For mapgeeks like me, satellite images provide hours of great fun

It's true that I can entertain myself for hours poring over maps and satellite photos...especially if the maps and photos in question have something to do with finding trails, or figuring out where the heck we can put stuff on the new place.

(as always, click the photos to enlarge them)

So this evening Jim and I were able to settle down with our friendly neighborhood mapping software (SCOPI is a fabulous resource for land images in Snohomish County!) and my photo-editing software, and make some plans!

The first priority was to find the perfect place for the barn. After walking the property several times, we've got the spot picked out (shown on photo): at the northeast corner of the pasture, with the south-facing roof able to house solar panels.

The stalls will face south, and the hayroom will face east towards the driveway, so that we won't have to do any fancy manuvers to unload hay or to park the truck and trailer. We will have to build in some rolling grade dips in the new section of driveway to avoid having all the rain running down into our neatly-stacked hay!

We'll put up field fencing for the perimeter, in the big square, and cross-fence with smaller (and cheaper) fiberglass fenceposts and electric fencing tape to make smaller or larger pastures.

Then we have to decide which structures need to be torn down and/or moved.

I love the fire pit, but it's in the wrong place. Move it up to the bottom of the (new) garden and it's much better. Of course, that's probably a day or two of digging and brick moving, but what the heck. So far the only thing I'm moving around in real space is the keys on the computer keyboard, so the heavy labor isn't too difficult. Yet.

The greenhouse is in the SHADE, (the trees you can see in the photos are at the south and west) which is fairly pointless for actually, you know, growing green stuff. We'll either move the building to a better location, tear it down, or turn it into an always-useful bicycle garage .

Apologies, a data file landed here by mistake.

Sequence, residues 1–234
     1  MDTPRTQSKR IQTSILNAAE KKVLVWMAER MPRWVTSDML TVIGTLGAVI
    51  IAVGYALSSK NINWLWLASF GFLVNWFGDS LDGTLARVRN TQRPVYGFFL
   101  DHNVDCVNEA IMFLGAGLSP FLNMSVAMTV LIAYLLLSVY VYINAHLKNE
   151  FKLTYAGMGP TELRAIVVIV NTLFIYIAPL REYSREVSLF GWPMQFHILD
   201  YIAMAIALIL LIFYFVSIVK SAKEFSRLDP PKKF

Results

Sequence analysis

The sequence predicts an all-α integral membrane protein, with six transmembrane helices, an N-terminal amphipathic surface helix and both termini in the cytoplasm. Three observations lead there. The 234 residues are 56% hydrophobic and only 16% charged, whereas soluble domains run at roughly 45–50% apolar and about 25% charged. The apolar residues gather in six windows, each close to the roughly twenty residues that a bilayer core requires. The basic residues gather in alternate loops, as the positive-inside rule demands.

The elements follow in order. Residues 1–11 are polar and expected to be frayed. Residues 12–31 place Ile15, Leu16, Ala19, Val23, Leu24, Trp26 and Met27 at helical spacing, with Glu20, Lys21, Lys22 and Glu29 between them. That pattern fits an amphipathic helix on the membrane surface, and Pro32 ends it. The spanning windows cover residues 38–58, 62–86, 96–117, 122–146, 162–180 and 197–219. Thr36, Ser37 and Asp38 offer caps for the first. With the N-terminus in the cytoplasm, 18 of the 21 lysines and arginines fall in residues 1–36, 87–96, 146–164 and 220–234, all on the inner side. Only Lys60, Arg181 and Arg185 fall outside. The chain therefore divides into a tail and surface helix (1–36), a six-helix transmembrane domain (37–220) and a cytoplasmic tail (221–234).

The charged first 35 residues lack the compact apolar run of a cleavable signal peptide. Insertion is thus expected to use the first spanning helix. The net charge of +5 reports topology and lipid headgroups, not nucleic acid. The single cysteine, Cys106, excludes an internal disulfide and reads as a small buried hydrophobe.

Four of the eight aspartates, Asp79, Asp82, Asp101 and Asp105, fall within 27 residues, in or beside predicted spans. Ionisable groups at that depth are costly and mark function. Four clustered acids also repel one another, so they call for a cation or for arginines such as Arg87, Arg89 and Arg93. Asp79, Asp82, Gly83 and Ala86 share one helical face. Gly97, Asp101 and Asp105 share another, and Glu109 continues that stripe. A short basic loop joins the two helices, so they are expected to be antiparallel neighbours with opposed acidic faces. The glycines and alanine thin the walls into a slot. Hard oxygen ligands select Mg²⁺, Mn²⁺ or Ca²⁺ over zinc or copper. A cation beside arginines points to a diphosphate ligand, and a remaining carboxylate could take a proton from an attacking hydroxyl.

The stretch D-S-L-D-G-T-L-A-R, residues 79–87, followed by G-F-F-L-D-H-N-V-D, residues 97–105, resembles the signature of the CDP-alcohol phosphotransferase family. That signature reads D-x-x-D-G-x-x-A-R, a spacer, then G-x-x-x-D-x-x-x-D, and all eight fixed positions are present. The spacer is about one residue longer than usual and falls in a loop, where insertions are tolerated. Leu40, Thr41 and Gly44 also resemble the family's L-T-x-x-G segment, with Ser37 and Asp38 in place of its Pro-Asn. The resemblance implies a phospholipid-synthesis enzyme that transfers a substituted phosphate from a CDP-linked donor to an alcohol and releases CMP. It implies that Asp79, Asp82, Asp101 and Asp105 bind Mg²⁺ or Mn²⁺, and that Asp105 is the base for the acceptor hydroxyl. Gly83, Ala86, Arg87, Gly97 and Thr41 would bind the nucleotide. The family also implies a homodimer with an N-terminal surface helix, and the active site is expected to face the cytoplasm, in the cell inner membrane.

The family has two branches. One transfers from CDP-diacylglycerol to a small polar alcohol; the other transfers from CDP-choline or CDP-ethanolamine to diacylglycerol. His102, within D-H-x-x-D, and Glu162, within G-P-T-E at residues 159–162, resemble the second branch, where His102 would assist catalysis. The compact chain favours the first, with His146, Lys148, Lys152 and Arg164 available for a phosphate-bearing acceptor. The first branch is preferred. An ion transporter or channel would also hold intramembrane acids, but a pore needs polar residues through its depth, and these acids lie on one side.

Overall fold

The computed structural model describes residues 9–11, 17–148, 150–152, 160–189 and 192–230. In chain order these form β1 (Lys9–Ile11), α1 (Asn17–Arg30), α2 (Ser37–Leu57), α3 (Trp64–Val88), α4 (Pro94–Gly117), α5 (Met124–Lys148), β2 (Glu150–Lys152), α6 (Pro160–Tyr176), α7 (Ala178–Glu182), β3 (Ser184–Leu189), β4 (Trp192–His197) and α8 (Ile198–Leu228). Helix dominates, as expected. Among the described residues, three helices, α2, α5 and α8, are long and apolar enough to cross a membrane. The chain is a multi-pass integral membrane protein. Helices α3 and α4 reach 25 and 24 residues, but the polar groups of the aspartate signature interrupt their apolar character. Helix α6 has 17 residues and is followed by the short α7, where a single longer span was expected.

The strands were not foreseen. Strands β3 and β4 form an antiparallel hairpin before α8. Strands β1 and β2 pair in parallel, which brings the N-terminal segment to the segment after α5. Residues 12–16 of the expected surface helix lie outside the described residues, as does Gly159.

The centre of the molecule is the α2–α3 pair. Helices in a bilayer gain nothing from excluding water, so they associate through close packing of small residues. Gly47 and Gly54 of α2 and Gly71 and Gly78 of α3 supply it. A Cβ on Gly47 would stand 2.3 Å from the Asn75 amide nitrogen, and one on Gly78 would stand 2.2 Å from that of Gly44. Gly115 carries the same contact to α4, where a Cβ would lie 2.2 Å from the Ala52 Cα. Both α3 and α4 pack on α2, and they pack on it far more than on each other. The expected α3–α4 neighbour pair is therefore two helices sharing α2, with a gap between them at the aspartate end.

Then there's the old outhouse. It's very quaint; with a caved-in roof and falling-in walls, though, it's not exactly a salvagable structure. But there must be something I can do with that adorable outhouse door with the crescent moon....ideas?

Comments

  1. WOW cool pic - I love the plans. I did mine on paper cuz the satellite images of our area suck. *whine*

    After all your example photos of the geotiles, aren't you going to use them at your new place? I know why we cannot - they are vastly more expensive then geotextile. We could pick geotextile for 500 euros, or geotiles for 5000. (!!)

    I have great plans for our greenhouse - it's in dire need of a good vinegar/water cleaning (the glass is green!) but then it should be really nice. Dreaming of herbs and veggies...

    Yesterday Joerg talked to the landowner whose field touches ours - actually, it's just one big huge field that we own half of. She would like to rent or sell us the other half. We'll have to rent until we can buy, but we were suprised to hear that her parcel is bigger than we thought. In total we'd have just over 5 acres, which means we have to consider growing our own hay. Before we bought it, it was just a hay field that someone paid to mow every year. I wonder if you are considering this too? You definitely have enough land, and it's tractor accessible.